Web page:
That's not all: Actor Tina Majorino has continued to hone her craft in a number of projects since Veronica Mars was cancelled in 2007. Shades of Mac Mackenzie can be detected in Majorino's character on Big Love, as a secretly attracted friend to Amanda Seyfried (who was also in VM), and her starring role in Pink's stunning video for "Fuckin' Perfect."

Think of her when: you're tempted to make a nerdy joke like "Your wish is my shift-command" to people who may roll their eyes... before you say it anyway. After all, that's what Mac Attack would do.

 

Previously: Sookie St. James, Lafayette Reynolds

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Comments

8 comments have been made. Post a comment.

Mac Forever

Mac! She really was the best. Veronica Mars was always excellently cast, but Mac was an exceptional character.

Oh, VM...I still mourn your untimely passing.

Reading this entry was a high

Reading this entry was a high point in my afternoon. This spring after my first year of grad school I was so tired and lonely that I actually curled up with the entire series of Veronica Mars over a period of rainy weeks in Nova Scotia. It was entirely self-indulgent, a little bit lazy, and exactly what I needed! Aaaand Mac was awesome. Good work.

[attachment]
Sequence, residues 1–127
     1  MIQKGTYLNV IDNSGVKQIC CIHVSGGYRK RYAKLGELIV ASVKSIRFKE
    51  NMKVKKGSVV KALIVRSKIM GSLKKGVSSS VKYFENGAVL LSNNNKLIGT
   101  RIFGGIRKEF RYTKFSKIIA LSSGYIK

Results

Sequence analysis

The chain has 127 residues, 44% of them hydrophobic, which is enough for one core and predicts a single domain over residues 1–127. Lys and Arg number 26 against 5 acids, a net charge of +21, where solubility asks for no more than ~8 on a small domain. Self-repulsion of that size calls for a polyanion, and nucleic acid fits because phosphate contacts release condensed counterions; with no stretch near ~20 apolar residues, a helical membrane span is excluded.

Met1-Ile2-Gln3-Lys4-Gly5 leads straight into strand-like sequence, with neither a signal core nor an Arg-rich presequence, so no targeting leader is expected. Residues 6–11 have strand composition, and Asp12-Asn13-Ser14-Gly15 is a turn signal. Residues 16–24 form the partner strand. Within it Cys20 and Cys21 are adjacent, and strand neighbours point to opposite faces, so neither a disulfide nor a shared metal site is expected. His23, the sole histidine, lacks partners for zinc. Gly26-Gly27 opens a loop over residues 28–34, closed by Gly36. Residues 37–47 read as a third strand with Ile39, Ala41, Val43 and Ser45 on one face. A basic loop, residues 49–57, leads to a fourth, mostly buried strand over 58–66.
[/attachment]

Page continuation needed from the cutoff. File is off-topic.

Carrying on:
The best!

I loooove Mac's character! I loved the dynamic that she and Veronica had both as friends and when they were working together on something, it was just so well-written! I wish there had been more about her family because I really liked the storyline. The third season is overall a disappointment, and while I think the plot's potential picked up at the end of the season, it ended in such a shitty way! I watched the third season for the first time this past winter and the last episode is like stress-stress-stress... and then no more. I miss VM!

I think Mac added a great

I think Mac added a great dynamic to the show. I can't think of any other show that has a female computer geek who also is a legit nice person. Anytime a woman on TV or in a movie is nerdy or better at something than men, she's a bitch or she's not pretty. I like the Mac is a REAL person who deals with real problems and actually has emotions. Plus she kicks ass at cracking computer codes.

I can only think of one other example...

Angela Montenegro from Bones! She does ridiculous things with computers and is a hot lady. Also biracial and bisexual. Other than Mac, Angela is the only female computer geek who fits that criteria.

"Women: Bitch, bitch, bitch,

"Women: Bitch, bitch, bitch, bitch, bitch."
"Why can't they look pretty and get their M.R.S. degrees?"

That should be this

That should be this magazine's slogan, by the way. ;D

Yep, they knew what was up.

Ah, I loved it when V and Mac made fun of and/or got angry with chauvinists. Wish it had gone further sometimes, but I like to think if the show had continued, its politics would have become more pronounced.